There has been a basic misunderstanding of the relation of theory to practice in Buddhism, due to how it was introduced into the USA from the 1960s on, and due to cultural proclivities that lured us toward it.
If we look back on the history of Buddhism we can see that theory and practice always went together hand in hand, as we might expect from something that claims to follow the middle way. In other words nothing is to be rejected, not even thought, reasoning, conceptualization. And these are only satisfied if the mediator and the philosopher work together to define the new states of consciousness that are discovered in the meditation laboratory. And that is precisely what has happened in the history of Buddhism, the Buddha has been saying more and more interesting things throughout the ages. But of course we know that it was different schools defining each other against the others and competing for adherents. It is in this way that Buddhist Philosophy became so subtle. It started off pointing at nonduality from the illusory structure of the Indo-European worldview. But as time went on it refined this idea of nonduality a lot, so later versions of Buddhism were extremely sophisticated. The pinnacle of this development in my opinion is Hua Yen of Fa Tsang. This becomes one of the main theoretical foundations of Chan/Zen. And so when Chan/Zen was introduced it was based on this very developed form, which was said to reject all the sutras, which appealed to us, but was in fact wrong. One was not just one in one school of Buddhism but one could at the same time draw from several. For instance Zen and Pure Land seem so different but they were practiced together. And one of the sutra schools would be chosen as the theoretical background for that practice. It was not that Reason,and Theory was left out of account, but rather that these had developed to such a subtle and sophisticated level that no one saw how they could be improved. So they just became the assumed background. In Soto tradition there was more of this theorizing, than in Renzai, but still both drew their inspiration from these sutras, for instance the Platform Sutra of Hui Neng is very sophisticated even though it appears to be rustic.
Let us just think for a moment. If you don’t have a any concept of what you are doing, how are you going to do it? From a Phenomenological point of view, noesis and noema always combine meaning and sensory content. There is no such thing as stopping the mind from operating. It is as Dzong Ka Pa said, reason plays a specific role in enlightenment process. The Lankavatra suttra pushed by Bodhi Dharma which talks about Mind Only but which has the practice of stopping cognition is a Buddhist heresy because it departs from the middle way. The Buddha describes his own enlightenment journey in terms of words, and that meant it was intelligible to him, and could be expressed in words that indicated concepts.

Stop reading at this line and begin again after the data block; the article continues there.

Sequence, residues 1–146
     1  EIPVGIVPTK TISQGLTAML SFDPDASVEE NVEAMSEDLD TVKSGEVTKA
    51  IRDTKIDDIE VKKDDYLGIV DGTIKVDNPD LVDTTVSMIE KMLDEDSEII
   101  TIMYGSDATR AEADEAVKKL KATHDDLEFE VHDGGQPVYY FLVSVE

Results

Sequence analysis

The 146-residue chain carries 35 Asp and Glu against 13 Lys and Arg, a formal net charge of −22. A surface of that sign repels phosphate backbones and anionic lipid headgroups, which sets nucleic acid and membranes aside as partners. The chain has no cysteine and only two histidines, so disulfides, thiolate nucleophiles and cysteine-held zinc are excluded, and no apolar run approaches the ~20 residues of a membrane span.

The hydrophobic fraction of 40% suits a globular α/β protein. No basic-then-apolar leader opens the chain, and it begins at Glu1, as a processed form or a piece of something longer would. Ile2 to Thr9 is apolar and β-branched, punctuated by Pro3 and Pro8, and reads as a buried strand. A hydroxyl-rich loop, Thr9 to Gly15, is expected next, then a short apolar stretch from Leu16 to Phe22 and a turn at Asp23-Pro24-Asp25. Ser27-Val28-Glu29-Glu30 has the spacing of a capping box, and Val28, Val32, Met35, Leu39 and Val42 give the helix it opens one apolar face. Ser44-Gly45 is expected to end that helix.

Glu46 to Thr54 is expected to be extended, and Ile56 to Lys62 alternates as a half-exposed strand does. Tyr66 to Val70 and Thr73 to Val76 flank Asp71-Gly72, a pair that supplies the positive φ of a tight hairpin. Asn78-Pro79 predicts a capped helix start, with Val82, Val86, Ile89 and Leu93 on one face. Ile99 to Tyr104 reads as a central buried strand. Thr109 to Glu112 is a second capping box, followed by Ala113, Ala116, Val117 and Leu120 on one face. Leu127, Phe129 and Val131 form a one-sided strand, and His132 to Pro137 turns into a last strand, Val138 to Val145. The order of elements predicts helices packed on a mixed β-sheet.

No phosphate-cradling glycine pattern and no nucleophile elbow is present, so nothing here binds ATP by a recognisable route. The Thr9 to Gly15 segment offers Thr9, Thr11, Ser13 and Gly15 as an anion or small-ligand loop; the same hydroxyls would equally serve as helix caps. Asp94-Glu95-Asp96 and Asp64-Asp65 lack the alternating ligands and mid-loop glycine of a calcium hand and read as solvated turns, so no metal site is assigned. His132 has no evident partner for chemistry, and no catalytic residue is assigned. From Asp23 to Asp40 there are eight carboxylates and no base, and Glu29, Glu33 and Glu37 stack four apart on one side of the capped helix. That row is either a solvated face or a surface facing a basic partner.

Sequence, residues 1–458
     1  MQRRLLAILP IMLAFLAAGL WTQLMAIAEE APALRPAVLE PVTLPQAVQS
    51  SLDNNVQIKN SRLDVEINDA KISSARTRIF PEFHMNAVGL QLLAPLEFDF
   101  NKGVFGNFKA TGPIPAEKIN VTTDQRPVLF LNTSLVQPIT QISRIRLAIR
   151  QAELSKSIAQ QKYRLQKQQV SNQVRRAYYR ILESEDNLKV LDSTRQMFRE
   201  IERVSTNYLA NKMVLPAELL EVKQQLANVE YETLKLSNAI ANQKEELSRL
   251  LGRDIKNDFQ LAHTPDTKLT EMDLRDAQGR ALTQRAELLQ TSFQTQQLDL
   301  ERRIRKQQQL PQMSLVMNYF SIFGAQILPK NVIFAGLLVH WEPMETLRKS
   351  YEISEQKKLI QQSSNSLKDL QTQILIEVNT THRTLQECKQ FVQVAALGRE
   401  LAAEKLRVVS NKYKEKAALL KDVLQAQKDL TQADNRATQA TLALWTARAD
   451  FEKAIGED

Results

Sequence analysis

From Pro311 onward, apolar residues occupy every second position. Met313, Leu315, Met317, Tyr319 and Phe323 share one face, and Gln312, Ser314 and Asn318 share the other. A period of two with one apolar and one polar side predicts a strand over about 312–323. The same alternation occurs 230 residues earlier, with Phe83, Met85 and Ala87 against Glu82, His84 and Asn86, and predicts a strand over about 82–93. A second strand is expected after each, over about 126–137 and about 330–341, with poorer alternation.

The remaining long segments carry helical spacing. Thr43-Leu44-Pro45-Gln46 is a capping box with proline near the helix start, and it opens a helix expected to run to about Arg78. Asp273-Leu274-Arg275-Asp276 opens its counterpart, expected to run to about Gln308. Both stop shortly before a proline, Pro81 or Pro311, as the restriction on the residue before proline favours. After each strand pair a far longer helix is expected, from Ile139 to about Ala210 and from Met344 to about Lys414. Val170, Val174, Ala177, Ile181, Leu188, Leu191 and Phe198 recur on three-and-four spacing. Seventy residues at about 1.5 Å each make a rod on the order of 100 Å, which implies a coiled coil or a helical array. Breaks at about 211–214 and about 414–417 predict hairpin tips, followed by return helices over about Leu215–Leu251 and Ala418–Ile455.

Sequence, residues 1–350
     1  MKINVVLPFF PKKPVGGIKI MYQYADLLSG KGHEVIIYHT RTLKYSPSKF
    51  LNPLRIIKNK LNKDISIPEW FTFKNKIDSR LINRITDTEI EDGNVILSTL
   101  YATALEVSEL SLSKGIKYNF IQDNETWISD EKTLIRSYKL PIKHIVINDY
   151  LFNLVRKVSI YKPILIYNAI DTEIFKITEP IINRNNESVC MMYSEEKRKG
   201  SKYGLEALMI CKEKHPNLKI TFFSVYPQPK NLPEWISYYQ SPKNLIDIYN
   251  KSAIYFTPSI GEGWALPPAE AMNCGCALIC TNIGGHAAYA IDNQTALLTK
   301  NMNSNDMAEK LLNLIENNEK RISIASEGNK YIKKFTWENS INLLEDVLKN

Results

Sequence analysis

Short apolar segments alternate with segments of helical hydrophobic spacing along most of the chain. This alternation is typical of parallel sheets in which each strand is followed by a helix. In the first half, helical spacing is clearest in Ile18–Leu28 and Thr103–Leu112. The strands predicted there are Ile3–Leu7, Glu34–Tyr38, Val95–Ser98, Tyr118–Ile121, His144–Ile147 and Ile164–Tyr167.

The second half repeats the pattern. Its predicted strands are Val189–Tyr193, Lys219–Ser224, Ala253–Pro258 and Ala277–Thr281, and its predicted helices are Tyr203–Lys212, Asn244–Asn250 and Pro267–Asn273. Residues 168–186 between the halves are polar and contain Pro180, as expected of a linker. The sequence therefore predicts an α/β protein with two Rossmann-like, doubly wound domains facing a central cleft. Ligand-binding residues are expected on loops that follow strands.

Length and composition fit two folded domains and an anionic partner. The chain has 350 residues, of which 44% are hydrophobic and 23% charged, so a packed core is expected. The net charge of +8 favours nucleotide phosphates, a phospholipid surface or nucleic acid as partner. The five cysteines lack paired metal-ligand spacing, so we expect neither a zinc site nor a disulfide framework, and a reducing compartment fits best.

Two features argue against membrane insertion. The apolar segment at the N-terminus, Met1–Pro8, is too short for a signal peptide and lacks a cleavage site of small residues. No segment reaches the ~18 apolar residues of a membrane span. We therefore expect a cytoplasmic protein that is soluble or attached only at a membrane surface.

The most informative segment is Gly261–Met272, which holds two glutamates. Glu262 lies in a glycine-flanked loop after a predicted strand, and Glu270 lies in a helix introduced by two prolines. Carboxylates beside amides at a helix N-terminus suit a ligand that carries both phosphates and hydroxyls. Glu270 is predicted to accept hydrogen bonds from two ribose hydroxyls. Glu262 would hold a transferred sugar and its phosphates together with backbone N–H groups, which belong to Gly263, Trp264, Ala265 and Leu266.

Meditation in Hinayana entailed things like sitting around and watching corpses decompose in order to understand ones own mortality. Mahayana transformed the meaning of meditation though various more sophisticated theories that sought consistency in the doctrine of Buddhism. One of the things that assures us that we know what the Buddha really said is the inconsistency in it.
Abidharma analyzes all the sutras and attempts to work out the consistency of the Buddhas teaching at a superficial level. http://en.wikipedia.org/wiki/Abhidharma
But it was the philosophers who worked to give it deeper consistency, and to do that they had to go more deeply into the phenomena, there they discovered deeper states of consciousness, which in turn led to more sophisticated theories, and so on until we get to probably the most subtle way of looking at existence in the world, because of its refinement from the time of the Buddha right up until the present, since it was kept alive by the Tibetans, who developed a kind of Anti-zen, in which meditation is given up all together. Saying that you are to be mindful all the time is a step in that direction. In DzogChen there is no difference between Meditation and Non-Meditation, no difference between emptiness and form, no difference between the two truths.
But we have come to a turning point where we need to go beyond the fourth turning of the Wheel to a fifth turning, that is in consonance with the return of Buddhism to the other Indo-European branch which as rejected Non-Duality so vehemently. That new turning needs to take the Homeward path back to the nondual core of the Western worldview that appears when we realize that Zen/Chan and DzogChen as duals point to a deeper nondual beyond Emptiness and Void. There is no meditation at that more profound level, both Zen/Chan and DzogChen have gotten beyond that each in their own way, when they accomodated themselves to Taoism/Bon/Shintoism.